Painful Memories Could Be Erased With Electroconvulsive Therapy

slideIllustrated By Sydney Hass.
Of all the sci-fi movies that we wish were real, Eternal Sunshine of the Spotless Mind is up near the top. The idea of being able to pick and choose the memories we carry around every day is a particularly powerful one. After all, we all have moments and experiences that we'd love to forget — especially around the holidays.
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It turns out that a spotless mind may be closer to reality than you think. In a new study published in the journal Nature Neuroscience, researchers in the Netherlands successfully used electroconvulsive therapy (ECT) to literally zap away traumatic memories.
The experiment involved 39 patients with severe depression who were already being treated with ECT. The patients were divided into three groups (A, B, and C), and each patient was shown two upsetting stories: one about a woman who is kidnapped and sexually abused, the other about a child who gets hit by a car.
A week later, they were asked to recount details about one of the two stories. Immediately afterward, groups A and B were given ECT, while group C was not.
Group B then had to take a multiple-choice test about both of the stories they had seen the week before. The ECT seemed to have little effect: They remembered both stories with similar levels of detail. Group A, however, was given the multiple-choice test one day after receiving ECT. The results were surprising: The patients recalled almost no details about the story they had to recount before receiving ECT. (Perhaps unsurprisingly, group C actually remembered more details about the story they had to recount, suggesting that recalling a memory makes it even stronger).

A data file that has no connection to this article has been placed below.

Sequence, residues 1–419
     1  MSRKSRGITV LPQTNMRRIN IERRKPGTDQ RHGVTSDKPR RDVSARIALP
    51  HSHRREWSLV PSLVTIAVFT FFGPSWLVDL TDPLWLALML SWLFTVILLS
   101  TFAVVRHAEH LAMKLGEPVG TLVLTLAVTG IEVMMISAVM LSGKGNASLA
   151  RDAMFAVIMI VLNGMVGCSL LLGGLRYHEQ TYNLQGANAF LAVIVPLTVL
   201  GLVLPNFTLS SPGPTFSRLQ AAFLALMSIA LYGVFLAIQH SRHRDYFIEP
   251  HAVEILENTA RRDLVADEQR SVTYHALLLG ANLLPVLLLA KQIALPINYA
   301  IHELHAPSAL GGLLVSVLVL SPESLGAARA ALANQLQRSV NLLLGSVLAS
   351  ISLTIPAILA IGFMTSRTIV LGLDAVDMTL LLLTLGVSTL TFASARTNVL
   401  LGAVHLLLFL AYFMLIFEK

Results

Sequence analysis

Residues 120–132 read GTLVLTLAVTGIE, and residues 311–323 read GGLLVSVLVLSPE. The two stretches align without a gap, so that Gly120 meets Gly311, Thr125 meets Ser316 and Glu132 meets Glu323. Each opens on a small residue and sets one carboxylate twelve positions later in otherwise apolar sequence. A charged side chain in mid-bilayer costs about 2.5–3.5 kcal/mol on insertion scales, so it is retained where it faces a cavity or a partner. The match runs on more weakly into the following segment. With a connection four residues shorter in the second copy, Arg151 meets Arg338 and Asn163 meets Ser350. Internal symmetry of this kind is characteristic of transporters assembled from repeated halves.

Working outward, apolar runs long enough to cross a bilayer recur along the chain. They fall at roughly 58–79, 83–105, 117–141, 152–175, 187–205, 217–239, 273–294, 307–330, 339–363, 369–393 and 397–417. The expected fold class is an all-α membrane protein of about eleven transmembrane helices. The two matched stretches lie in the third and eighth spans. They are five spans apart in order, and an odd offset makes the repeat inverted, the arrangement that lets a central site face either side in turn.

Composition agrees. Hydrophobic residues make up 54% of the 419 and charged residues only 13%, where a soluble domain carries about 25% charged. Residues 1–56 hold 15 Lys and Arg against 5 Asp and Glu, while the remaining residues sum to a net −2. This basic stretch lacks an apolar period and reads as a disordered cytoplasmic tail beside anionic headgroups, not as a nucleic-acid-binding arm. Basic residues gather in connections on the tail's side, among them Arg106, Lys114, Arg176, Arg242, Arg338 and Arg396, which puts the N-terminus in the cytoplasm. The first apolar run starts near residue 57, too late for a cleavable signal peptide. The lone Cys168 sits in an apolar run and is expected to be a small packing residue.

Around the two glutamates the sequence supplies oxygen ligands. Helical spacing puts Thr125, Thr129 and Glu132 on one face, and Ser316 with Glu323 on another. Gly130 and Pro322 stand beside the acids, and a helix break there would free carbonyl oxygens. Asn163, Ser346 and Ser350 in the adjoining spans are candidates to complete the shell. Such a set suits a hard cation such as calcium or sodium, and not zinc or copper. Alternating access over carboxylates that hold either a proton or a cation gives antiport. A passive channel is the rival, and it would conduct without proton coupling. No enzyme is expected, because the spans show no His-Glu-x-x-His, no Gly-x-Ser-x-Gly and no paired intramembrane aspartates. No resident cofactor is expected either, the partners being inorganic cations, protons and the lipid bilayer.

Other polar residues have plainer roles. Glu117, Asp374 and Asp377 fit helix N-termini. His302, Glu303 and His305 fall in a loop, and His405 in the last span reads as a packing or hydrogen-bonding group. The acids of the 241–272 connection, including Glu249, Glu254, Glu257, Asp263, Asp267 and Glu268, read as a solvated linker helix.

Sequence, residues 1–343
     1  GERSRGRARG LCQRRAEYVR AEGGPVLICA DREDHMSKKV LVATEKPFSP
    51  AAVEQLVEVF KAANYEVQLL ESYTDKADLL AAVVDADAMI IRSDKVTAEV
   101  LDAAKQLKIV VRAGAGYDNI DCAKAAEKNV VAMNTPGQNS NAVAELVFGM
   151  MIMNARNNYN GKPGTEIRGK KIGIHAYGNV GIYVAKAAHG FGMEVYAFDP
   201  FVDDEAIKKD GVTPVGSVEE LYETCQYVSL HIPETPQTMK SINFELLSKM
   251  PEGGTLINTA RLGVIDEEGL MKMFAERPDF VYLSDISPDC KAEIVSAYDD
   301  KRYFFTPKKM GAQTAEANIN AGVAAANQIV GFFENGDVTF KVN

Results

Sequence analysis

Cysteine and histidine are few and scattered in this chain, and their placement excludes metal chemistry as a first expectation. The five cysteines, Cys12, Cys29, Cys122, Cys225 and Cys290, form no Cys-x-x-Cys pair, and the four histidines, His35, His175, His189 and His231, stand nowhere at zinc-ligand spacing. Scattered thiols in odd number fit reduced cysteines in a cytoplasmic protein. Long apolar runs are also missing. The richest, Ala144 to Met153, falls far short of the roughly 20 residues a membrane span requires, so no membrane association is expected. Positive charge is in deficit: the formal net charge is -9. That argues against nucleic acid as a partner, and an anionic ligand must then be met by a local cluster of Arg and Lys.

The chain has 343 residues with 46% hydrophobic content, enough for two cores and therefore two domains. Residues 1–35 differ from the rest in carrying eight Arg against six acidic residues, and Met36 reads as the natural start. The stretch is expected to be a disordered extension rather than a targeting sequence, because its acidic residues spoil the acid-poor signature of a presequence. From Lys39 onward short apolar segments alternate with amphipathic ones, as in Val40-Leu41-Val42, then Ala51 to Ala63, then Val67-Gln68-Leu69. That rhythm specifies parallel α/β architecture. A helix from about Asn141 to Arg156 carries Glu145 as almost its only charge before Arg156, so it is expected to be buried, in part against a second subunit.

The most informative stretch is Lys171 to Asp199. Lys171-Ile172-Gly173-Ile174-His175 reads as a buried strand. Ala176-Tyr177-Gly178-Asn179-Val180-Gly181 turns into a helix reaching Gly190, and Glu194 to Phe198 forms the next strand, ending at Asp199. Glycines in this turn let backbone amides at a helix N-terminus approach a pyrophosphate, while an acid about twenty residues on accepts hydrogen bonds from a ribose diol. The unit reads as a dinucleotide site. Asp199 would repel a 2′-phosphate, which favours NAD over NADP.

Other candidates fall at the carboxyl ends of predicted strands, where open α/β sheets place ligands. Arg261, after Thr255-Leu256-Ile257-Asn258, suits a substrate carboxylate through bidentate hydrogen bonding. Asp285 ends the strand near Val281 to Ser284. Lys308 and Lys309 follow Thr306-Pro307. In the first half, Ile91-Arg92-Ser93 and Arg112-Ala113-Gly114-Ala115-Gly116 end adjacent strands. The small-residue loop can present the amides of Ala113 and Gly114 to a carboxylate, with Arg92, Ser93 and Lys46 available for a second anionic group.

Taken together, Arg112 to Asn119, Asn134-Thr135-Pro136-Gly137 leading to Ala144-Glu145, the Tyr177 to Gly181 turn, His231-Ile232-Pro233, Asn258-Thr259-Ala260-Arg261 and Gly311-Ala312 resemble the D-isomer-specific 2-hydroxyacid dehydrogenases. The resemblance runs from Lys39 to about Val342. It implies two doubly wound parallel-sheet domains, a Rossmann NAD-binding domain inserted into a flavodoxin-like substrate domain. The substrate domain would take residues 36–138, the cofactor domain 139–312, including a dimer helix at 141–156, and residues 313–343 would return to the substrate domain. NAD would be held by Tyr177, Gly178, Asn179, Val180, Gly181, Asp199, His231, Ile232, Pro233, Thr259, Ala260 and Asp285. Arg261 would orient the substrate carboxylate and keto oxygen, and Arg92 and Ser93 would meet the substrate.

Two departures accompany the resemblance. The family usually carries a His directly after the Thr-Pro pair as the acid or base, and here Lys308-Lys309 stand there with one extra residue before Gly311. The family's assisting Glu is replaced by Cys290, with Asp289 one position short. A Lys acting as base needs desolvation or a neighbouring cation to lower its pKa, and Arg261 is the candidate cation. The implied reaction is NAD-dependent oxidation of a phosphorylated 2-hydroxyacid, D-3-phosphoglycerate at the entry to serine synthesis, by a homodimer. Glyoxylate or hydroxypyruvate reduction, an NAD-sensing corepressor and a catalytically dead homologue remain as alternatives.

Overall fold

We have to admit, the concept of voluntary subjecting ourselves to ECT, which used to be called electro-shock therapy (the same procedure depicted in One Flew Over The Cuckoo's Nest and American Horror Story) is off-putting to say the least. However, the findings are promising, especially since the study suggests that the rest of the patients' memories remained intact after the procedure. The potential impact of this sort of research on the treatment of PTSD patients is huge — even if an Eternal Sunshine-esque future might still be a long way off for most of us. (The Wall Street Journal)
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